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Financial Literacy - Taxes
The tax system needs an overhaul
The political environment is poisoned because most legislators have signed a no-new-taxes pledge.
Taxes made easy

Interview: Leonard Burman, Ph.D.

Would taxpayers ultimately win or lose if the government followed the paths of other countries like Sweden, where the government effectively does your taxes for you?

Talking points
Reform needed
Funding policy
Tax increases
Simplifying the code
Income gap
Consequences of inaction
Capital gains
Health care

I think it's a good idea, although it's not a panacea because the self-employed and anybody with substantial capital income would still need to file paperwork. California's been doing that for several years and it's been enormously popular.

How does the current tax system play into the gap between the rich and the poor?

The tax system is progressive and 40 percent don't pay any income taxes at all and millions of low-income families get money back beyond any income taxes that they owe through the refundable earned income tax credit and child tax credit. That being said, the tax system is less progressive than it was in 2001. The tax benefits of the tax cuts since 2001 have disproportionately benefited those with the highest incomes.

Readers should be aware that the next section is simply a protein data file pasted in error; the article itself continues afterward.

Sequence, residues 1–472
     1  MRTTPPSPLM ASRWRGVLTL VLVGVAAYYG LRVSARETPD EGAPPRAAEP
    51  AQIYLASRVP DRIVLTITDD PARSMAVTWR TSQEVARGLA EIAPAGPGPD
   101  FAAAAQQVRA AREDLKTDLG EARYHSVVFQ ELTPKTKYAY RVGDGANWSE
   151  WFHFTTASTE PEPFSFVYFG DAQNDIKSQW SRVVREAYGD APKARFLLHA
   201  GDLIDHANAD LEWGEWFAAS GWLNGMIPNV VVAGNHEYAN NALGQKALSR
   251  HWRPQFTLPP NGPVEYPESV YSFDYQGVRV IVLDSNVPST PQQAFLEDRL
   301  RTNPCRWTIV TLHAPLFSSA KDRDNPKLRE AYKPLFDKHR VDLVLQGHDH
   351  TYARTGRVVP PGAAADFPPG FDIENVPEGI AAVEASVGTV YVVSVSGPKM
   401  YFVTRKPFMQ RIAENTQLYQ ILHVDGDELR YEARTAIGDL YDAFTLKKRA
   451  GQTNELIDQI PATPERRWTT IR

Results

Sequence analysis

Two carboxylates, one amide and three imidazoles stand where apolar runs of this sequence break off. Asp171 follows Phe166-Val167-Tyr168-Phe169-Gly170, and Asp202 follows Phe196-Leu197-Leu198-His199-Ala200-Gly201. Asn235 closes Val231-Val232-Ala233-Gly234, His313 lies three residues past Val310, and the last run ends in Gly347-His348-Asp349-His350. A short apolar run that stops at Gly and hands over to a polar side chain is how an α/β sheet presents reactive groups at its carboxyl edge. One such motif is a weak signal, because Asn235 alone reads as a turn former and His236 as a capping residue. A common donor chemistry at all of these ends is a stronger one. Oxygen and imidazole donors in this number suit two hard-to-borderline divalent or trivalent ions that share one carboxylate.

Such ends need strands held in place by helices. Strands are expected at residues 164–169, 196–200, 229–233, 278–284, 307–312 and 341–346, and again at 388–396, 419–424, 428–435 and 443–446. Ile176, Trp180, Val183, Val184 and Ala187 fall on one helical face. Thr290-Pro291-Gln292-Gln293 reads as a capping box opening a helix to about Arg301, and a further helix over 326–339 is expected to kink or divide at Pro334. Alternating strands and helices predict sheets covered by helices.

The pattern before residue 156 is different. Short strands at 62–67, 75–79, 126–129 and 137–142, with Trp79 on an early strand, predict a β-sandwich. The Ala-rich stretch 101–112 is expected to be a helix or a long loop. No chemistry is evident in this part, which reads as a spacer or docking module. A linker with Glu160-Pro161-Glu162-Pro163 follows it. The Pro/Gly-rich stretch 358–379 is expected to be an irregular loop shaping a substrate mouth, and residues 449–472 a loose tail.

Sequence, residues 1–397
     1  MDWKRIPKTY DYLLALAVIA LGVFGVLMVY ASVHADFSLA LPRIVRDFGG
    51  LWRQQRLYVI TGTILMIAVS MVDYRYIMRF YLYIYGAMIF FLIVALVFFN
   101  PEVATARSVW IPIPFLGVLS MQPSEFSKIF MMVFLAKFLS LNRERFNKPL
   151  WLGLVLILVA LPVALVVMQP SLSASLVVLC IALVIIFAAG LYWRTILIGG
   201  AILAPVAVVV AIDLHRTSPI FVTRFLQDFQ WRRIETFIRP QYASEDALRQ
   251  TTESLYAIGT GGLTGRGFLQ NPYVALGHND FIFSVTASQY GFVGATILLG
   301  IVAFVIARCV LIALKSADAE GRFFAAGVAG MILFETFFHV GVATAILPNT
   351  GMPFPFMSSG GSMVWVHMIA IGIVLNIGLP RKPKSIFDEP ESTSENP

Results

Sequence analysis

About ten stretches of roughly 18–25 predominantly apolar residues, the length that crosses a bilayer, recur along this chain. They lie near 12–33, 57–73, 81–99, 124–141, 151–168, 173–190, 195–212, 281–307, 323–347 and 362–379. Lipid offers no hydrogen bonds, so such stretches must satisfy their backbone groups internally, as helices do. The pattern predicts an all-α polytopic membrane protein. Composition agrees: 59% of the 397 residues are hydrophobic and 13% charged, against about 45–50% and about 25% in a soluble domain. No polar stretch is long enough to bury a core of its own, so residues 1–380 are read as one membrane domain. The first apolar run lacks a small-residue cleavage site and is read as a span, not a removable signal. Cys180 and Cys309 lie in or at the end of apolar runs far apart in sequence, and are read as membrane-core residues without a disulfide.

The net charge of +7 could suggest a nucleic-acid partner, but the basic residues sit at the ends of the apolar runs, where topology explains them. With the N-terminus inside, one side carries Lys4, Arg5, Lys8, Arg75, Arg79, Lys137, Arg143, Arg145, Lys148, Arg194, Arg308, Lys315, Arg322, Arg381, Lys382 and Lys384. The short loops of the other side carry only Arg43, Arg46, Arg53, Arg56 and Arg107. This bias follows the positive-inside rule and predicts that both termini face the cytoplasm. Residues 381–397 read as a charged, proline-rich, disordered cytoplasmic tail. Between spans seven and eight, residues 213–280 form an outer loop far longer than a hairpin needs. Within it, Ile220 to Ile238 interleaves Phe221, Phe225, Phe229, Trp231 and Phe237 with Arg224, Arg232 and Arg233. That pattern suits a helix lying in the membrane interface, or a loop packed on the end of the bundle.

At the same time that the distribution of income has been becoming less equal, the tax system is doing less to decrease disparities. Economists Emmanuel Saez and Thomas Piketty, for example, have found that the share of income accruing to the top 1 percent is higher now than at any point since the Great Depression and twice as large as in the 1950s. There used to be support for the philosophy of using taxes as an equalizer, but that idea has apparently fallen out of vogue. The phasing out of the estate tax is one example of this.

What will be the consequences if we don't make changes?

If we don't increase tax revenues or decrease spending or both, in 30 years our economy will resemble Argentina's. That's probably hyperbole, but I fear that it may not be so far from the truth.

Considering that everyone, regardless of income, is expected to invest for their own retirements, what are your views on the capital gains tax?

The top tax rate on long-term capital gains is 15 percent. That probably encourages some investment, but it also creates a huge incentive for tax sheltering. The top tax rate on ordinary income is 35 percent. Thus, every dollar converted from ordinary income into capital gain, via tax shelters, saves a top-bracket individual 20 cents, a big incentive to buy into tax shelters.

The problem is that tax shelter investments are often quite inefficient, and all the brilliant people working to invent clever new shelters might otherwise be doing productive work. Thus, the economy loses from the misdirection of capital and labor.

A better approach is the one taken in the Tax Reform Act of 1986, which cut top income tax rates to 28 percent and eliminated a tax break for capital gains.

-- Updated: Dec. 26, 2007
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